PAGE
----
In terms of numbers, Guardian currently has 1.2 million supporters. The publisher believes that comparing it with its overall reach of 81 millions unique monthly visitors globally, “we have huge potential to convert more readers into paid supporters.” Currently, 1.1 million readers either donate or subscribe to its digital products. And 104,000 readers subscribe to its newspapers and The Guardian weekly magazine. And this number is growing.

Sustainability: aiming for a massive decrease in emissions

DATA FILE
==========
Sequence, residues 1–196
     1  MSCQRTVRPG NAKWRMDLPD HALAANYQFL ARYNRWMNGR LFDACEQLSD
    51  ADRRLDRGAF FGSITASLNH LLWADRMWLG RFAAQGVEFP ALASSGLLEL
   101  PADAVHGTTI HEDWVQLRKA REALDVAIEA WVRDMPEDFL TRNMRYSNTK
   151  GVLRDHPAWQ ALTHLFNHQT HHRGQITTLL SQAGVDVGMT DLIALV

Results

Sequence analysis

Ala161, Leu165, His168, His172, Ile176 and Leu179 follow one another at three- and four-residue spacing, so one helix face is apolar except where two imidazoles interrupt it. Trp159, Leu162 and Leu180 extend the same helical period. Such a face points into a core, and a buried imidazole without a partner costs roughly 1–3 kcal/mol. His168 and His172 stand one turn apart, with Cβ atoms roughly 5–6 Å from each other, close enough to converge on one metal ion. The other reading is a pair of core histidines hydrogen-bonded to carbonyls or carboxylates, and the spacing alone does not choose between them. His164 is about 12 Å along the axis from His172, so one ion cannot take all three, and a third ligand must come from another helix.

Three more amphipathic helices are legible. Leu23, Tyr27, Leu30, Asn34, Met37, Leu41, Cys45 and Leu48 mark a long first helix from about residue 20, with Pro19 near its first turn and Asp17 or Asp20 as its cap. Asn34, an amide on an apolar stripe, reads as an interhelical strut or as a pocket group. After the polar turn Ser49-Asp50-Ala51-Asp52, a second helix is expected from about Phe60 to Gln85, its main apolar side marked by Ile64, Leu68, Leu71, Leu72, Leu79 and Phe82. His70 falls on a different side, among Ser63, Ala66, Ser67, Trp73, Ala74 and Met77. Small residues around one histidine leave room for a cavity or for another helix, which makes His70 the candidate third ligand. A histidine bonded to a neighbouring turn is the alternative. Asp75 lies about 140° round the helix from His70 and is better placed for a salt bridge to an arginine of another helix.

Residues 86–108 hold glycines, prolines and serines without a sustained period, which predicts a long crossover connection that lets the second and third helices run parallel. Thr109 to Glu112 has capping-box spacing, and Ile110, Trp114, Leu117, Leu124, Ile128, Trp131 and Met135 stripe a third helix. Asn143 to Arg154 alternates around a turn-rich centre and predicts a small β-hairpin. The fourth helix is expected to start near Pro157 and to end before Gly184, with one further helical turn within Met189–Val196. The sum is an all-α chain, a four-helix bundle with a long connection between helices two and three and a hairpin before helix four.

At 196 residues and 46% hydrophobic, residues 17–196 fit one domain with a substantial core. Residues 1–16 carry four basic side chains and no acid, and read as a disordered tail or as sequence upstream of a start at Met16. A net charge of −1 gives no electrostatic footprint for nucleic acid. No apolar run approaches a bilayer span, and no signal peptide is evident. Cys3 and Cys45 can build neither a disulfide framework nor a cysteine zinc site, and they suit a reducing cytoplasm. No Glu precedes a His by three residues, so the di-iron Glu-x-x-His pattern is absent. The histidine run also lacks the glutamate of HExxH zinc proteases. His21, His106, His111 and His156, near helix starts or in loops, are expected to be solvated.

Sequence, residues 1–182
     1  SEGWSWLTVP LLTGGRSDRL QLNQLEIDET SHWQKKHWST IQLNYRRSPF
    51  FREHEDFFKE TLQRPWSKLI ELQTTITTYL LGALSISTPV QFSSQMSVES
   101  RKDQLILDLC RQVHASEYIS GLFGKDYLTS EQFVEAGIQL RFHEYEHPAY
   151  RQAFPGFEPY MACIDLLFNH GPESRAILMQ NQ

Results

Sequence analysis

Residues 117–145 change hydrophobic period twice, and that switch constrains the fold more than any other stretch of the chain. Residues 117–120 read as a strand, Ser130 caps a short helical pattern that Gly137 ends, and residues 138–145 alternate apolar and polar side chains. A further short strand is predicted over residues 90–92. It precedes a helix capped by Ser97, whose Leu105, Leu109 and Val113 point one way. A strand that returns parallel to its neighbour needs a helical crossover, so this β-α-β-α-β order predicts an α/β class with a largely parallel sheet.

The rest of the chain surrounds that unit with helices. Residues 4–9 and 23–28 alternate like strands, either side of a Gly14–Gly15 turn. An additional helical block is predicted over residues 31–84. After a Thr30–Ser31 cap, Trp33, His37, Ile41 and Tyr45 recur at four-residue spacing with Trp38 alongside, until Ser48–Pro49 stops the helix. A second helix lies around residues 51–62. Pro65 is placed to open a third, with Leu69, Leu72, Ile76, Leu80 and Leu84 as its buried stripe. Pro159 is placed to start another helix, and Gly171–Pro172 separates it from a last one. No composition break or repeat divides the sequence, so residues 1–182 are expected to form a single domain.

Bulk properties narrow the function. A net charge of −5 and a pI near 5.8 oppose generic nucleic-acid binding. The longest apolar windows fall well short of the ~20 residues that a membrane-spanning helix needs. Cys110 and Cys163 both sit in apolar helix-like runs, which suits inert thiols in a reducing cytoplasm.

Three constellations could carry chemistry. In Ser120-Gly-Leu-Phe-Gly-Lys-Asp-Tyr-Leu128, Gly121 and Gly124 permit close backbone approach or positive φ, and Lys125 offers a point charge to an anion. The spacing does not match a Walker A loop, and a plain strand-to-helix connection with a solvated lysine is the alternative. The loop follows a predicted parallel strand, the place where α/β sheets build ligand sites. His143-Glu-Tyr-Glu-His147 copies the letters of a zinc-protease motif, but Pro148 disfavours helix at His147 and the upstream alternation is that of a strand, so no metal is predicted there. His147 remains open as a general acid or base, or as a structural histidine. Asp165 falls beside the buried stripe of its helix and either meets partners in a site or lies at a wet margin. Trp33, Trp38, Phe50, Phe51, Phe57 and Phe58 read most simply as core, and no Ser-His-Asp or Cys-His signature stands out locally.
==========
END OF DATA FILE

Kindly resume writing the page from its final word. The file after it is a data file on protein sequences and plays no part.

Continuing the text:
In terms of sustainability efforts, The Guardian has set some ambitious goals for itself. “We aim to reduce our emissions by 67 per cent in 10 years,” Sylvestre said. Print is one of the biggest carbon emitting divisions at The Guardian, and it is where the publisher plans to make the largest impact.

“By committing to green energy, sustainable paper sources – either recycled paper or sustainable-resourced virgin fibre – by reducing waste and opting for green transport options, such as electric vehicles, we’re confident that we will hit our target,” Sylvestre noted.

 (By special arrangement with WAN-IFRA. The writer is a media analyst with WAN-IFRA.)